Correspondence  |   December 2018
When Checklists Fail: Human Factors Learning from Aviation and Safety by Design
Author Notes
  • University of Cambridge, Addenbrooke’s Hospital, Cambridge, United Kingdom (M.Z.A.M.). m.mariyaselvam@nhs.net
  • (Accepted for publication September 6, 2018.)
    (Accepted for publication September 6, 2018.)×
Article Information
Correspondence
Correspondence   |   December 2018
When Checklists Fail: Human Factors Learning from Aviation and Safety by Design
Anesthesiology 12 2018, Vol.129, 1192-1193. doi:10.1097/ALN.0000000000002470
Anesthesiology 12 2018, Vol.129, 1192-1193. doi:10.1097/ALN.0000000000002470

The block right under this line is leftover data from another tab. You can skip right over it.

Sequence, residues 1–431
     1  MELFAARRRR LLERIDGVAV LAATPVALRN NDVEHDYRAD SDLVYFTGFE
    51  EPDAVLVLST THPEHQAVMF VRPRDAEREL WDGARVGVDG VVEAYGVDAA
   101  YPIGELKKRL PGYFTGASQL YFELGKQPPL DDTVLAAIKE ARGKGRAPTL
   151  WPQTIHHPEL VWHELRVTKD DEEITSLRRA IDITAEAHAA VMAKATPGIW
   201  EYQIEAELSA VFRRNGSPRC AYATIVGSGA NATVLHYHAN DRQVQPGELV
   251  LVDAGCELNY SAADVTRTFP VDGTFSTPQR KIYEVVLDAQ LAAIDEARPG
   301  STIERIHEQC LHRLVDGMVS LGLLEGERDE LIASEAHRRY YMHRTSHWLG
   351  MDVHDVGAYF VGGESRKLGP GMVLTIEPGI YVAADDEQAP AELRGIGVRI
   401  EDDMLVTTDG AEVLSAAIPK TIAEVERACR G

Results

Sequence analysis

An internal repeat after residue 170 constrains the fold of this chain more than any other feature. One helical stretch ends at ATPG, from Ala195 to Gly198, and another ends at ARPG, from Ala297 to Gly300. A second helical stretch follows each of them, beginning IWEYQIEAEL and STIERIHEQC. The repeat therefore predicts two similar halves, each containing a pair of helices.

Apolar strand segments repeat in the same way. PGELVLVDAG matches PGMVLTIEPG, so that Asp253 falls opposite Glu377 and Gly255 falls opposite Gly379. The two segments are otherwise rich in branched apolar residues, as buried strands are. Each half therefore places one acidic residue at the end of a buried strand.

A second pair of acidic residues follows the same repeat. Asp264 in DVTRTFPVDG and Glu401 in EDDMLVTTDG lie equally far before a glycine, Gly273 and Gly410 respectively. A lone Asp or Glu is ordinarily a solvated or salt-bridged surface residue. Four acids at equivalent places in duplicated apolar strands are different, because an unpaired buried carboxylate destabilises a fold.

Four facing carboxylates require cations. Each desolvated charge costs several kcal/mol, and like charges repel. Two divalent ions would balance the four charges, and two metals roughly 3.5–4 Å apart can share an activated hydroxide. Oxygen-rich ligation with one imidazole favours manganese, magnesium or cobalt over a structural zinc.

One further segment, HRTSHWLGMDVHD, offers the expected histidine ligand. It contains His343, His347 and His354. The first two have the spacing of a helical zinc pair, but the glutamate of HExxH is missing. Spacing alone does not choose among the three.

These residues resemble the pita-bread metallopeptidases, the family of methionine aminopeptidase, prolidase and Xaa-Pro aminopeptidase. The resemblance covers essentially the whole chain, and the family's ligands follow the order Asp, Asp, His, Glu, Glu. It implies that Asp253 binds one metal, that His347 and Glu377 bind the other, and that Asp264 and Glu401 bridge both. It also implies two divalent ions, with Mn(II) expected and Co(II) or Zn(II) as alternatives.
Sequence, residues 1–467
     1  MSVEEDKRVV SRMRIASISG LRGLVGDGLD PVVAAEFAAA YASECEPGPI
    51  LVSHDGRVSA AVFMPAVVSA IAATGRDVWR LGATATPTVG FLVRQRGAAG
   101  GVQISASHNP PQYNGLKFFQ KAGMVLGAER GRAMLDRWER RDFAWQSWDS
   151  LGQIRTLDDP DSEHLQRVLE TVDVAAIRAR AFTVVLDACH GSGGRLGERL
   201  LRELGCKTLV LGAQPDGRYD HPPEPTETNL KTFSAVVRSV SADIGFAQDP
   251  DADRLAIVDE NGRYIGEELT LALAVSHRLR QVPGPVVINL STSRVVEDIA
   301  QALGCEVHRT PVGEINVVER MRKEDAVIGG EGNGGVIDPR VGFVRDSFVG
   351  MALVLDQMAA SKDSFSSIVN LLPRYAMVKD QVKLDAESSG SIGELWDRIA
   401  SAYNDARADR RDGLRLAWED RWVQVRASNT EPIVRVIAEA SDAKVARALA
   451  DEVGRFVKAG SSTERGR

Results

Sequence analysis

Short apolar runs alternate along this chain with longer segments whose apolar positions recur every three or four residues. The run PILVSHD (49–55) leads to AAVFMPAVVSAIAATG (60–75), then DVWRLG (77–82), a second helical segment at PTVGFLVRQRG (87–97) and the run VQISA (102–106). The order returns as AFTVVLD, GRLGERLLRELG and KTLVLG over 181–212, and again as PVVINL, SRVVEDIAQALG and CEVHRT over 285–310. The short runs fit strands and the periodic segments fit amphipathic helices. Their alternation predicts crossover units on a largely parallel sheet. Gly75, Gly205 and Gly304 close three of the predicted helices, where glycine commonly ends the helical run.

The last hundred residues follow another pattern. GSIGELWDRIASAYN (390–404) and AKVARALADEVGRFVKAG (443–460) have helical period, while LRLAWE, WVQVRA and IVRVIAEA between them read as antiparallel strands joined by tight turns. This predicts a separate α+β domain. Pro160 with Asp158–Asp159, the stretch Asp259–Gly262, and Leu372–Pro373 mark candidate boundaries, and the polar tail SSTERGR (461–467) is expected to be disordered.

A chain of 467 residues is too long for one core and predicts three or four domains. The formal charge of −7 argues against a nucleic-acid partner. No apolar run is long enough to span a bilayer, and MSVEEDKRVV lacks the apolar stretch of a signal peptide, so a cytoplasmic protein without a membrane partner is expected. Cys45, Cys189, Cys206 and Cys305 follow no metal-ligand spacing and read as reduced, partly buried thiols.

There has been appreciable literature on the use of checklists to prevent errors that could lead to patient harm.1  In this letter, we use a recent commercial aviation event to explore the limitations of checklists and introduce the concept of engineering design to prevent error, and examine parallels in health care. In April 2018, following a cabin depressurization on Southwest Airlines, images were posted online showing passengers wearing oxygen masks incorrectly, covering their mouths only. This provoked debate blaming passengers for not listening to the preflight briefing during which the instructions, “place the mask over your nose and mouth and breathe normally,” are given.2  There are many reasons why this simplistic analysis of the error and blame is counterproductive, and why other solutions, such as engineering safety into the design of the oxygen masks, are more likely to succeed than using checklists alone. The Southwest Airlines preflight announcement2  is a checklist that imparts 34 pieces of information, providing a high cognitive load in a situation in which other distractions and anxiety may be present. Only exceptional individuals have a working memory that tolerates retention of more than half a dozen pieces of information. Information retention of frequent flyers may be blunted over time due to a phenomenon known as “creeping complacency” and “alert/warning fatigue.” We propose a simple, safety-design engineered solution for these rare events to improve compliance. Currently the airline oxygen mask is cylindrical with a round aperture. The elongated shape of a simple face mask and its elastic strap, however, can be presented to unaccustomed users in the correct vertical orientation, providing the visual and haptic signals to nudge appropriate placement covering the nose and mouth.